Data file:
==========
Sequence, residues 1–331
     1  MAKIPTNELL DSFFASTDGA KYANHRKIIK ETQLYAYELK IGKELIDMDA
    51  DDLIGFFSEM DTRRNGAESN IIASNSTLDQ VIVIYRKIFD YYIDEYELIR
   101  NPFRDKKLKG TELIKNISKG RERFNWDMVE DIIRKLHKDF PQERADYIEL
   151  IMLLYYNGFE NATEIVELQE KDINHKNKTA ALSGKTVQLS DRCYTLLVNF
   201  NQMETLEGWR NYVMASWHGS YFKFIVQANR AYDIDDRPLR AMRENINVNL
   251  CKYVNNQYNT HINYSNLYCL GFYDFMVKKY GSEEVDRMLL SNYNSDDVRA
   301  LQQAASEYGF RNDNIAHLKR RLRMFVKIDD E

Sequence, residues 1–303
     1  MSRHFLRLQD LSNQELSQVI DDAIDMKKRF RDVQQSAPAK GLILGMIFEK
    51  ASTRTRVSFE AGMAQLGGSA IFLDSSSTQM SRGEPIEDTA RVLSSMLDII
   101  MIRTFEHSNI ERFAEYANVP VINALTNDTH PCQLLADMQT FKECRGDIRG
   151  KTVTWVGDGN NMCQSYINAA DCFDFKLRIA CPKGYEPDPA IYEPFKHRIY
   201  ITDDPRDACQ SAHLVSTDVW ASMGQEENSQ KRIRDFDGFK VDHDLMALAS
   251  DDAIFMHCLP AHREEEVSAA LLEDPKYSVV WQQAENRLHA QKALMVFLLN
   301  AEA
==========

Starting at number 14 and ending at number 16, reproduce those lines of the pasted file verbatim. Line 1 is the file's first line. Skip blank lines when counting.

   201  ITDDPRDACQ SAHLVSTDVW ASMGQEENSQ KRIRDFDGFK VDHDLMALAS
   251  DDAIFMHCLP AHREEEVSAA LLEDPKYSVV WQQAENRLHA QKALMVFLLN
   301  AEA